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«Tag der mündlichen Prüfung: 24.11.2005 Environmental variables and plankton communities in the pelagic of lakes: enclosure experiment and ...»

-- [ Page 1 ] --

Erstgutachter: Prof. Dr. Sebastian Diehl

Zweitgutachter: Prof. Dr. Wilfried Gabriel

Tag der mündlichen Prüfung: 24.11.2005

Environmental variables

and plankton communities in the pelagic of lakes:

enclosure experiment and comparative lake survey

Stella A. Berger

Dissertation

zur Erlangung des Doktorgrades

der Fakultät für Biologie

der Ludwig-Maximilians-Universität München

März 2005

Table of contents 1 Table of contents Table of contents

Summary

Zusammenfassung

Introduction

Summary of the articles

Article 1 Effects of mixing depth and background turbidity on phytoplankton biomass, light and nutrients

Article 2 Light supply, plankton biomass and seston stoichiometry in a gradient of lake mixing depths

Article 3

Phytoplankton taxonomic composition in relation to environmental variables:

a comparative lake study using pigment analysis

Synopsis

Outlook

References

Articles

Article 1 Effects of mixing depth and background turbidity on phytoplankton biomass, light and nutrients

Article 2 Light supply, plankton biomass and seston stoichiometry in a gradient of lake mixing depths

Article 3

Phytoplankton taxonomic composition in relation to environmental variables:

a comparative lake study using pigment analysis

Acknowledgements

Curriculum vitae

Summary 2

Summary

Most primary production of lakes and oceans occurs in the well-mixed surface layer that is subject to strong seasonal and geographical variation. With increasing mixed surface layer depth average light supply and specific nutrient supply decrease and so do light-dependent production rates and depth-dependent sinking loss rates of phytoplankton. Changes in mixing depth are expected to have important consequences for the dynamics of phytoplankton biomass, algal nutrient stoichiometry, light availability and nutrient retention in the mixed layer. Light absorption by enhanced concentrations of abiotic substances (humic substances, clay particles) furthermore negatively affects light availability and production.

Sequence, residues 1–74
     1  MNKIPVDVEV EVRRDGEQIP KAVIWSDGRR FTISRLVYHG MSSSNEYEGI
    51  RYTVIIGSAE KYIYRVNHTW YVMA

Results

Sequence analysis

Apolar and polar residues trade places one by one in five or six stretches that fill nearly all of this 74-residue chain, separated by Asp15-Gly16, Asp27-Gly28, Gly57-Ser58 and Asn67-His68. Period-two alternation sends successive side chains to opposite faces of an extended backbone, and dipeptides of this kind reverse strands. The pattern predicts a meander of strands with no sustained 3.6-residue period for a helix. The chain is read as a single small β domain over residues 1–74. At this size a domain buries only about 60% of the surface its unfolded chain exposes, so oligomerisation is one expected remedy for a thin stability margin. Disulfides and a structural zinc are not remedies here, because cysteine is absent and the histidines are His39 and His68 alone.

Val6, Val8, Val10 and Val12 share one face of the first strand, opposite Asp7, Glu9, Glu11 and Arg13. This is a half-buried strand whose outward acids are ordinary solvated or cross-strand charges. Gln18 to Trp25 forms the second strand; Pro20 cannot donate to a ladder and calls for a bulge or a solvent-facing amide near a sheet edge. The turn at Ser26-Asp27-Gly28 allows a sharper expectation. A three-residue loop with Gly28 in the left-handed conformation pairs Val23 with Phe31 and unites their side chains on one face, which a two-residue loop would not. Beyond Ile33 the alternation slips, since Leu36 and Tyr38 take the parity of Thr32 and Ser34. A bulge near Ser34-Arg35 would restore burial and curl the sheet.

I tested the predictions of a dynamical “closed system” model concerning the effects of mixing depth and background turbidity (Kbg) on phytoplankton biomass, light climate and nutrients in a field enclosure experiment. The natural phytoplankton community was exposed to high and low background turbidity along a gradient of mixing depth. For sinking algae, the model predicts that phytoplankton biomass should be most strongly limited by sedimentation losses in shallow mixed layers, by mineral nutrients at intermediate mixing depths and by a lack of light in deep mixed layers. As predicted, phytoplankton volumetric and areal biomasses showed a unimodal relationship to mixing depth and were negatively affected by background attenuation. With increasing Kbg the biomass peak shifted towards shallower mixing depth. The concentrations of dissolved and total nutrients were positively affected by increasing mixing depth but only marginally related to Kbg most likely due to a variable carbon to phosphorus cell quota.